Chancellor of the exchequer Philip Hammond has brought forward changes to apprenticeship funding designed to help small and medium-sized enterprises (SMEs) invest in apprenticeships.
In his spring statement yesterday, the chancellor said next month will see the amount SMEs are expected to contribute towards training apprentices as part of the co-funding arrangement drop from 10 to 5 per cent, estimated to bring a £695 million saving for businesses.
This change was first announced in last year’s autumn budget, and will now come into effect on 1 April.
Hammond also brought forward to next month the increase in the amount of levy funding that organisations will be allowed to share with their supply chain, which is set to increase from 10 to 25 per cent.
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In a statement somewhat overshadowed by a series of crucial parliamentary votes on the future of Brexit, the chancellor said investing in people was key to raising the UK’s productivity, not just investing in physical capital.
“We’re committed to returning technical and vocational skills to the heart of our educational system with the new T-level system on track to deliver the first three routes in 2020; the first phase of the National Retraining Scheme starting this summer; and the apprenticeship programme rolling out 3 million new high-quality apprenticeships,” Hammond said.
Experts have met the chancellor’s announcement with mixed reactions. Many welcomed the funding but pointed out historic problems with the levy itself that could hinder the uptake of apprentices.
Responding to the statement, Jane Gratton, head of skills at the British Chambers of Commerce (BCC), said the reduction of apprenticeship levy co-funding rule was an “important step in the right direction”. She said reducing the costs for employers would encourage more firms to take on new talent, and train and upskill their wider workforce.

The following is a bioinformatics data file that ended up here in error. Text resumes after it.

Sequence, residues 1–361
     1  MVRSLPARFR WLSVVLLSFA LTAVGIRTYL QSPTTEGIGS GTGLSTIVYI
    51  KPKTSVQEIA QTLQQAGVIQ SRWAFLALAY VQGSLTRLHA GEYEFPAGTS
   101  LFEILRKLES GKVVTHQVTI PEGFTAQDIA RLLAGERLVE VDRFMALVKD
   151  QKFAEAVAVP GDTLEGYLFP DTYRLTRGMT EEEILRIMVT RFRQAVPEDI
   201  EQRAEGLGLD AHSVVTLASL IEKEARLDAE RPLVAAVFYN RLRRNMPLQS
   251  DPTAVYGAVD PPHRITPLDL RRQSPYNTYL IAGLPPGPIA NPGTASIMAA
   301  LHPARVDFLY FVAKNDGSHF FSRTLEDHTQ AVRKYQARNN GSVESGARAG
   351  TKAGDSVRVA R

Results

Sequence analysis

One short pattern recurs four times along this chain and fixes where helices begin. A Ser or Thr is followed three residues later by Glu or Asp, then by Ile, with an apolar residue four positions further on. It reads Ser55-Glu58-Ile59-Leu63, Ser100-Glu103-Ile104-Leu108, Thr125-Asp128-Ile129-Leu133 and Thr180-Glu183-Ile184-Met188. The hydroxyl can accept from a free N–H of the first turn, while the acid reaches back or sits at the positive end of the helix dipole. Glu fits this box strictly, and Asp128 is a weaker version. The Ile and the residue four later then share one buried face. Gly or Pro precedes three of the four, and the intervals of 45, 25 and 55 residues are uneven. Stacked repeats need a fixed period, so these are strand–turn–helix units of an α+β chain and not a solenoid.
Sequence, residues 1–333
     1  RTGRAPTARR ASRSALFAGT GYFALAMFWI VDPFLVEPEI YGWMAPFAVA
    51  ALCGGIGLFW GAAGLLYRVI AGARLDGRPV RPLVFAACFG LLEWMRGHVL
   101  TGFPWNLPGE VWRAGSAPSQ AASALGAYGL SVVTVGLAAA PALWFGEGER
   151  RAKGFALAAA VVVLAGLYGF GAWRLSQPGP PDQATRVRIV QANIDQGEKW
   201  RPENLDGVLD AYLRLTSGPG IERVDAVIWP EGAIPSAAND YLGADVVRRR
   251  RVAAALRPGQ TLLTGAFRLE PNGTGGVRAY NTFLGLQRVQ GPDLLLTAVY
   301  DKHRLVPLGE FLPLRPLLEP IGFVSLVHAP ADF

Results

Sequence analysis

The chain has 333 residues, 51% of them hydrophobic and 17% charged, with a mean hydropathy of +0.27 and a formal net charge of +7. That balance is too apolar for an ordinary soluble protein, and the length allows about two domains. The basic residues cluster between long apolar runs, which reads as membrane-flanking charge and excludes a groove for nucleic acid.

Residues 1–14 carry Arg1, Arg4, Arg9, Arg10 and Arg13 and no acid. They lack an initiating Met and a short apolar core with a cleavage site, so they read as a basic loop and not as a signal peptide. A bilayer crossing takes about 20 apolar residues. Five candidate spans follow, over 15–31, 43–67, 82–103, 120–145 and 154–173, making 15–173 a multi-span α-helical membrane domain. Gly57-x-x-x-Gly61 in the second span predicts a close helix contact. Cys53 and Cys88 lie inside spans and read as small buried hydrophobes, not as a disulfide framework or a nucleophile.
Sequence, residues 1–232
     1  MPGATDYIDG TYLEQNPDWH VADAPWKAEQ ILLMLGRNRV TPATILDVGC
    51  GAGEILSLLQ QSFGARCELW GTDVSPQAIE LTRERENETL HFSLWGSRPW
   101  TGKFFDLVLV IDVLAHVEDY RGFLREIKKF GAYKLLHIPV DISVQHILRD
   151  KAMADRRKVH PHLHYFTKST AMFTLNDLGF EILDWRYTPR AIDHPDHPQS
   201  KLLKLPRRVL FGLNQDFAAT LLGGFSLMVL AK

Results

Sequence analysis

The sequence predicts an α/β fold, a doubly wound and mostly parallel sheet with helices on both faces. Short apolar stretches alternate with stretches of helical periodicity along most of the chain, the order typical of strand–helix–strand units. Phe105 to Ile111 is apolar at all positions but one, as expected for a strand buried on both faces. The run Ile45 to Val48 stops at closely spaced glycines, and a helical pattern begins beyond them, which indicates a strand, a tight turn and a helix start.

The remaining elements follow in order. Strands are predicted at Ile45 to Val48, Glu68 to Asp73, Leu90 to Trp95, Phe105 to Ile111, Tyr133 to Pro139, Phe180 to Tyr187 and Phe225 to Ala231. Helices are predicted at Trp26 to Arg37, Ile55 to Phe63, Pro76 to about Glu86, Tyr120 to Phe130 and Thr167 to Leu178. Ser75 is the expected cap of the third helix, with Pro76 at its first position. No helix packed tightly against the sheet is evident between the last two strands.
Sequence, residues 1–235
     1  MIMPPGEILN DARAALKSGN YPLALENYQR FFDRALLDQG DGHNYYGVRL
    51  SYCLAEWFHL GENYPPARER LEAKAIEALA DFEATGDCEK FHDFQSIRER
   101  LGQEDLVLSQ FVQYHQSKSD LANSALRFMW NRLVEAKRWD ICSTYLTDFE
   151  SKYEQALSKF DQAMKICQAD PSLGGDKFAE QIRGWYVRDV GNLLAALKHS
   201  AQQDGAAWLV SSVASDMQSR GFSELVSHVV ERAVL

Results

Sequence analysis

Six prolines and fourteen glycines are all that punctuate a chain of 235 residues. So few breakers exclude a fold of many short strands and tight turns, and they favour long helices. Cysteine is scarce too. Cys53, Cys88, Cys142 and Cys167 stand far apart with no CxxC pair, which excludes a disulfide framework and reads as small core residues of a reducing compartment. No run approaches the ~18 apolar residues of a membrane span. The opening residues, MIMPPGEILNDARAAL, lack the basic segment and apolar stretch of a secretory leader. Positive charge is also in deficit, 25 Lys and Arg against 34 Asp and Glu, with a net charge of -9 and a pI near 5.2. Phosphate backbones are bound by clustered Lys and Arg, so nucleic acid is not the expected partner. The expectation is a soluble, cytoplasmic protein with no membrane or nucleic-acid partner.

But Gratton added: “The inflexibility of the apprenticeship levy means there’s still not enough training taking place in businesses, and this will hamper efforts to boost productivity. We’re unlikely to see training volumes increase until there is significant reform of the system.”
In his statement, Hammond also indicated there would be a review into how national minimum wage (NMW) levels are set, with the “ultimate objective of ending low pay in the UK”.
He announced the government would undertake a review later this year of how it sets minimum wage levels, and appointed economist Professor Arindrajit Dube to review the international evidence on the employment and productivity effects of minimum wage rates.
“This study will support the extensive discussions that we will be having with employer organisations, trade unions and the Low Pay Commission itself over the coming months starting with a round table which I will chair next month,” Hammond said.
The study will then inform how the government sets future NMW levels from 2020. Currently, the NMW is set to rise from £7.83 to £8.21 in April.
Neil Carberry, chief executive of the Recruitment and Employment Confederation (REC), said firms will welcome the commitment to consulting on the future of the National Living Wage (NLW) and NMW, but that recruiters want the government to also focus on upcoming tax changes which could affect businesses.
“Without clients taking responsibility for contractors paying the right tax, law-abiding firms may be undercut,” he said.
But Paul Holcroft, associate director of Croner, said the review of low pay might be welcomed less by employers and payroll departments. He said the review “mirrors the government's recent efforts to improve protections under the Good Work Plan”.
“This could see minimum wage rates increase in the future which is likely to come at a considerable cost to a large number of employers,” Holcroft said.